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Wednesday, January 22, 2020

Preventing Indecent Content Sharing Act

Preventing Indecent Content Sharing Act
Last month, we discussed a California lawmaker’s intention to introduce legislation that would ban the practice of sending unsolicited nude photos. California Senator Ling Ling Chang (R-Diamond Bar) would like to make this disturbing trend illegal.

Sen. Chang recently introduced Senate Bill 798: The Preventing Indecent Content Sharing (PICS) Act, according to CBS Sacramento. The bill would outlaw “cyber flashing,” which is when someone sends unsolicited nude photos via the internet either by computer or smartphone.

CBS cites data collected by the Pew Research Center, which indicates that more than half of young women report being victims of cyber flashing.

The PICS Act


As we pointed out in our previous post, Sen. Chang reported that she had received unsolicited nude photos. So, SB 798 is personal for the lawmaker. The bill is modeled after a law in Texas, where punishment for the practice is a $500 fine. The PICS Act states:  

Existing law creates a private right of action against a person who intentionally distributes a photograph or recorded image of another that exposes the intimate body parts, as defined, of that person without their consent, knowing that the other person had a reasonable expectation that the material would remain private, if specified conditions are met. Existing law also makes it a misdemeanor for a person, with intent to annoy, to make contact with another person by means of an electronic communication device and to address to or about the other person any obscene language or threat to inflict injury. 

This bill would state the intent of the Legislature to enact legislation, entitled the Preventing Indecent Content Sharing (PICS) Act, that would deter egregious forms of online harassment, including sending unsolicited lewd images. 


Please take a moment to watch a short video on the subject:


If you are having trouble watching, please click here.

We will continue to follow this critical piece of legislation as it moves through the California Senate.

Orange County Attorney At Law


Attorney Ronald Brower has decades of experience in the California criminal justice system. He has worked on many high-profile cases over the years. Attorney Brower can assist you or a loved one and help to bring about a favorable outcome during this challenging time. Please contact The Law Office of Ronald G. Brower to learn more.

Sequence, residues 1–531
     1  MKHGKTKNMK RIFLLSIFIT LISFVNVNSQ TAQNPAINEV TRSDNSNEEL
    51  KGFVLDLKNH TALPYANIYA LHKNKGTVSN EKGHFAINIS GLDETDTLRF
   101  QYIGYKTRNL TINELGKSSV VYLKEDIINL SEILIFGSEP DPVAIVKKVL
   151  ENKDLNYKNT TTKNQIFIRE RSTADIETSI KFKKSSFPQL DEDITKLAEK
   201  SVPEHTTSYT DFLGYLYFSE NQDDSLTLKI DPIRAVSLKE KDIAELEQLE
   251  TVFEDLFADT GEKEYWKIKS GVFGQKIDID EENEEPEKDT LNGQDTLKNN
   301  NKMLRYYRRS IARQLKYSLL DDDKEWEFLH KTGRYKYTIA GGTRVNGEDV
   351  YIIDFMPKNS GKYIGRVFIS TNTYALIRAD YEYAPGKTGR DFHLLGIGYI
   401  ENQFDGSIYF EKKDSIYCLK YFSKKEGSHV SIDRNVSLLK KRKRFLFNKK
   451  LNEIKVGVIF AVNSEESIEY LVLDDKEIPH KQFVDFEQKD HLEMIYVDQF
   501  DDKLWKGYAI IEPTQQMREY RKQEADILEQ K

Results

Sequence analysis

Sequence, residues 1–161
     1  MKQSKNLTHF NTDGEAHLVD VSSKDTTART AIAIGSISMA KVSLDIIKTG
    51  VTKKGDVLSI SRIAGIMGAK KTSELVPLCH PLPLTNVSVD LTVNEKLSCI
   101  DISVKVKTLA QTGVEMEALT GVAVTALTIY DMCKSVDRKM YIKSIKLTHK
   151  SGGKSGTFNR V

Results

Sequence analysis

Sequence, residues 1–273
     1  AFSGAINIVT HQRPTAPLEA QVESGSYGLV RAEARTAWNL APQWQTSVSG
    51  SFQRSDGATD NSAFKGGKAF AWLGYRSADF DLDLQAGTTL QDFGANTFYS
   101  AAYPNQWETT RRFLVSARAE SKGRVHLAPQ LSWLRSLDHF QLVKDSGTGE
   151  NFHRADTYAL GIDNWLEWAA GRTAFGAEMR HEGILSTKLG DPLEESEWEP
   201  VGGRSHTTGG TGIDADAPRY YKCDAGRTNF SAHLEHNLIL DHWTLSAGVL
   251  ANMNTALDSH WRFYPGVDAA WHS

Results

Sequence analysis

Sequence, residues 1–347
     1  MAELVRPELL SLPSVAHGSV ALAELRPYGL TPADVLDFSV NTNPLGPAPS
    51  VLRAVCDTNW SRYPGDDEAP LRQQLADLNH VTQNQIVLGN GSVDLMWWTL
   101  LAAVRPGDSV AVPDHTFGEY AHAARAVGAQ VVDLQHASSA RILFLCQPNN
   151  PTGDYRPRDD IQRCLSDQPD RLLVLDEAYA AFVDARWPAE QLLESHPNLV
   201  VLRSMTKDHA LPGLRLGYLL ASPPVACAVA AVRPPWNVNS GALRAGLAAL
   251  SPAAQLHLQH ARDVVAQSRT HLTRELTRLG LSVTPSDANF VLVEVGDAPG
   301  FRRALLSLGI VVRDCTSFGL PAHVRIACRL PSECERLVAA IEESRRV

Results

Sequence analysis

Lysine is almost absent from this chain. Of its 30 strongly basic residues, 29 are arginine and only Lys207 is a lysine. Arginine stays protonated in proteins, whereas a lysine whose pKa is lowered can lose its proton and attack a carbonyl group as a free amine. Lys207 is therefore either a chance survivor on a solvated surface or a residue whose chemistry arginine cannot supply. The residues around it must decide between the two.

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Wednesday, January 15, 2020

OC Sheriff's Officials Engaged in Misconduct

OCSD
Even law enforcement is not above the law. Orange County public defenders have alleged in court filings that Orange County sheriff's deputies mishandled evidence, lied, and were promoted instead of prosecuted, The Sacramento Bee reports. They also claim that while district attorney's officials hid record of the deputies' repeated acts of misconduct.

On December 30th, Orange County deputy public defender Scott Sanders states that sheriff's officials who engaged in misconduct received insignificant punishments and OC prosecutors covered-up the misdeeds of sheriff's deputies.

"The deputies referred to for criminal prosecution wrote reports in which they collectively described having seized well in excess of 100 items of evidence that were never booked — or, alternatively, lied about having seized items in the first place," Sanders argued. 

We recently reported on the audit that revealed the potential misdeeds of the OCSD.

No Charges for OCSD Sheriff's


Last month, The Orange County Register discovered two secret audits revealing that deputies failed to book evidence on time. The findings were the impetus for the recent filings by Sanders.

The audit showed that a handful of deputies were fired, and a small number more were merely disciplined for their actions, according to the article. The audits also revealed that many deputies lied about the evidence they collected and never booked evidence they claimed to have seized.

Even though Orange County District Attorney Todd Spitzer admitted that the misconduct potentially jeopardized dozens of cases, he decided not to press charges against a single deputy. The officers, according to the article, should've been added to the roster of "Brady" cops, a list of officers who are chronically untruthful.

Brady v. Maryland is a 1963 Supreme Court decision that compels prosecutors to hand over all evidence to the defense that might clear defendants' names, such as officers who have engaged in misconduct.

Some of the officers in question were promoted, despite the evidence of their misconduct, the article reports. Another officer kept his job after a three-week unpaid suspension. We will continue to follow this story as it develops.

Orange County Criminal Defense Attorney


Please contact the Law Office of Ronald G. Brower for legal assistance relating to criminal charges. Attorney Brower has the experience to advocate for you effectively. 714-997-4400

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Tuesday, January 7, 2020

Rapid DNA: The Future?

rapid DNA
Last fall, we wrote about a revolutionary new method for evaluating deoxyribonucleic acid or DNA evidence, known as “rapid DNA.” At the time, we covered a couple of the basics: the two companies behind the technology, and we shared with you some privacy concerns that have been expressed by forensic scientists.